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The Power of Powerball: What I learned from NOT winning the jackpot

My boyfriend, Nick, and I were walking along the beach letting our imaginations run wild.

“Where would we live?”

“Definitely someplace warm. On a beach somewhere.”

“I’d also want a place in NY. To be near my family when the weather is nice up there.”

We talked about what our dream house would look like. The vacations we would take. The parties we would throw. The people we would help. The charities we would donate to. The organizations we would start. The classes we would sign up for.

We were having the same conversation that I imagine pretty much everyone else in the country was having.

What would you do if you won the Powerball?

By this point, Powerball mania was sweeping the nation. With a ridiculous prize of $1.3 Billion, it seemed that just about everyone I knew was buying a ticket. The odds were against us all, but every single person I spoke to had already made some sort of plan as to how they would spend their winnings.

It was fascinating to learn what some people were dreaming of. I could hear the excitement in their voices as they let themselves imagine a life where absolutely anything was possible. I wondered how often most people let themselves dream this big. I wondered how many of us believed we could only have the things we REALLY wanted if we had a winning ticket.

When you take the constraints of time, money and the grind of “every day life” out of the equation, it’s easy to see what is most important. It becomes clearer to pick out the things that your heart is really craving when you aren’t caught up in the “shoulds” and “have-tos” that so often monopolize our lives.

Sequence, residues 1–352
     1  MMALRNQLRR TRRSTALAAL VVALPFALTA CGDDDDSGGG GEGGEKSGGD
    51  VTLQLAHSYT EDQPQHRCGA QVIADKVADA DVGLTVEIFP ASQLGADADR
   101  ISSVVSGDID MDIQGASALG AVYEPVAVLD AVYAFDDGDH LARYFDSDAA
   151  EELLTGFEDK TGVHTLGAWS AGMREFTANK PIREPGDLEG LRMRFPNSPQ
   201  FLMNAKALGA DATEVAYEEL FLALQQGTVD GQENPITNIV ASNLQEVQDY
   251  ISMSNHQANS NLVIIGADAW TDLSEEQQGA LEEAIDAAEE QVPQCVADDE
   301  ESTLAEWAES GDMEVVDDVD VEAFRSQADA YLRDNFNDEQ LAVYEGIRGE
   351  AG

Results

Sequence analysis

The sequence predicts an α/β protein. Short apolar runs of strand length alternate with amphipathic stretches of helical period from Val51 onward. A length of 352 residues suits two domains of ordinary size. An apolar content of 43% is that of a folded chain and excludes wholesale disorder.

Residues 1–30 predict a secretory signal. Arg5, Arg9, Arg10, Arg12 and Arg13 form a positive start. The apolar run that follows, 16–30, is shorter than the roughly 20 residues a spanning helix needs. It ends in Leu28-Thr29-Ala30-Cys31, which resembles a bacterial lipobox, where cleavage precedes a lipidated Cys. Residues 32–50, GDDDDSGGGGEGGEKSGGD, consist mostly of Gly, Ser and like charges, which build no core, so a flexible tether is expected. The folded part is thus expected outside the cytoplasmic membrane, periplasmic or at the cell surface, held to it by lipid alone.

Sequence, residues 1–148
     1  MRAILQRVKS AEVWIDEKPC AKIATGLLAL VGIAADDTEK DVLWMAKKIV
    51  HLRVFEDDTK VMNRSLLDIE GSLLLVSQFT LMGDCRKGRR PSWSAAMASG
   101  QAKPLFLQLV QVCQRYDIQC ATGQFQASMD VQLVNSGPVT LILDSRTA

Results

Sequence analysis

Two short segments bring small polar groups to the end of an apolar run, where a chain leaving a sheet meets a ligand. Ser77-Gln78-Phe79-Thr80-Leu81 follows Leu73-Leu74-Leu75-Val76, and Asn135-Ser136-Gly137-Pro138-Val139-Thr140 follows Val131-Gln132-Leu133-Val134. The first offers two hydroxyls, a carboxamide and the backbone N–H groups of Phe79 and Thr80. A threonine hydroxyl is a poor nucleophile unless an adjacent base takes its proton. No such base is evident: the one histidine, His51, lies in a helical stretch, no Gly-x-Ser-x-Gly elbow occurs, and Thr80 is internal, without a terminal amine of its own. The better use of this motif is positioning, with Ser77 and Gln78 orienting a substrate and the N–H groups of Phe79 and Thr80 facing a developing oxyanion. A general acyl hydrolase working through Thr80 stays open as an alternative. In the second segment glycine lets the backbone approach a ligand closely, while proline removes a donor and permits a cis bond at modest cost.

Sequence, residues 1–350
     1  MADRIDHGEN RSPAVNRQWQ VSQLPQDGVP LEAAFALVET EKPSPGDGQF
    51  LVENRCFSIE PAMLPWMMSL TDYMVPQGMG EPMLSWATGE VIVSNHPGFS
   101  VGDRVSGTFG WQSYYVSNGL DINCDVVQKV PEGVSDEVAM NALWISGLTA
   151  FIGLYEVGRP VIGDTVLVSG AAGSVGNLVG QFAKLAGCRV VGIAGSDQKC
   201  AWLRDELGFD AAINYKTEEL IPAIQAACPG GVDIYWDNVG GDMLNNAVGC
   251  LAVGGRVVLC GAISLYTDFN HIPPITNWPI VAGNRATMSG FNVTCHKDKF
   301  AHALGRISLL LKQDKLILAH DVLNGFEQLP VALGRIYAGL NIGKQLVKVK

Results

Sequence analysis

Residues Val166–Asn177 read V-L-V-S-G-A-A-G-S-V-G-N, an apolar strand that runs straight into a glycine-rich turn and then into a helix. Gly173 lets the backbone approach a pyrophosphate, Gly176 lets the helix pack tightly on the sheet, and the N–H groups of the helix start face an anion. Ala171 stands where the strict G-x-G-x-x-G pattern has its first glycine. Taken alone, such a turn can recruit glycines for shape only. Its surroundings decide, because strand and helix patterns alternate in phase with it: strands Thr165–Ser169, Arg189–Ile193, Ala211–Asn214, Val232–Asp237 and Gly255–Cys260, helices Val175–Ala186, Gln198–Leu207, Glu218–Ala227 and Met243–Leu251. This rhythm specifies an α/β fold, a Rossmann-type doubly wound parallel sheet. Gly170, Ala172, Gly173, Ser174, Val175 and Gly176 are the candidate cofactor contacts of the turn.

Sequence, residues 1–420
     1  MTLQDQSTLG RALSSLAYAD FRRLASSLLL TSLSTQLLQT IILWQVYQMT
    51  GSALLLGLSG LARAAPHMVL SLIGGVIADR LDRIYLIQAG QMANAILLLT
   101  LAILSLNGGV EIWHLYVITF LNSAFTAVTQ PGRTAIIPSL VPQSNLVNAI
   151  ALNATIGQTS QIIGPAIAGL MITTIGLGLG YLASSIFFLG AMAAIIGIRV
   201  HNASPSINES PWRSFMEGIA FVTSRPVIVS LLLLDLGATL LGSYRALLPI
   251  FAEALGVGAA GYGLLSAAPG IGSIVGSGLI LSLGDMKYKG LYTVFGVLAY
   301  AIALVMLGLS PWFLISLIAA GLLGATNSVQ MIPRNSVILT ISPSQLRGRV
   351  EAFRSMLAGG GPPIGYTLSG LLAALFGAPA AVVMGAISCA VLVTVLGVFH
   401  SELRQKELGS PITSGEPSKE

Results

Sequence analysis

For most of my life I was under the impression that there were certain things that were off-limits for a person like me. Unless I had an endless stream of income at my disposal, I would never be afforded the chance to live the life that I really wanted. I would have to settle. Sacrifice. Go without. But it was okay, because that’s what everyone else was doing too. There was no way to avoid it. Unless, of course, you won the lottery.

I started thinking about the things that Nick and I had said we wanted. Our list was long and lavish, but what it really boiled down to was:

*Being debt free

*Having a beautiful home we loved

*Being able to travel and explore

*Being able to contribute to society in a meaningful way

*Spending quality time with friends and family

*Continuing to learn and develop new skills

*Being able to create, and feeling freedom of expression (through art, writing, performance, speaking etc.)

When I took my own wish list and broke it down to the simplest terms, I realized that I didn’t need to win a penny to have any of those things in my life. In a lot of ways, I already had everything I wanted. Did I want more of those things? ABSOLUTELY! Could I create more of that on my own? HELL YES! Did I need millions of dollars to do it? NO WAY!

Would my boyfriend be able to pay off the rest of his student loans tomorrow? No. But, maybe, instead of having wine every night, we could cut back to one bottle a week. (Ok, we probably wouldn’t do that, but maybe he could brown bag his lunch every day. I’m sure there is something we spend money on each week that we could survive without.) We could take any money that we would have usually spent elsewhere and put that towards the next payment.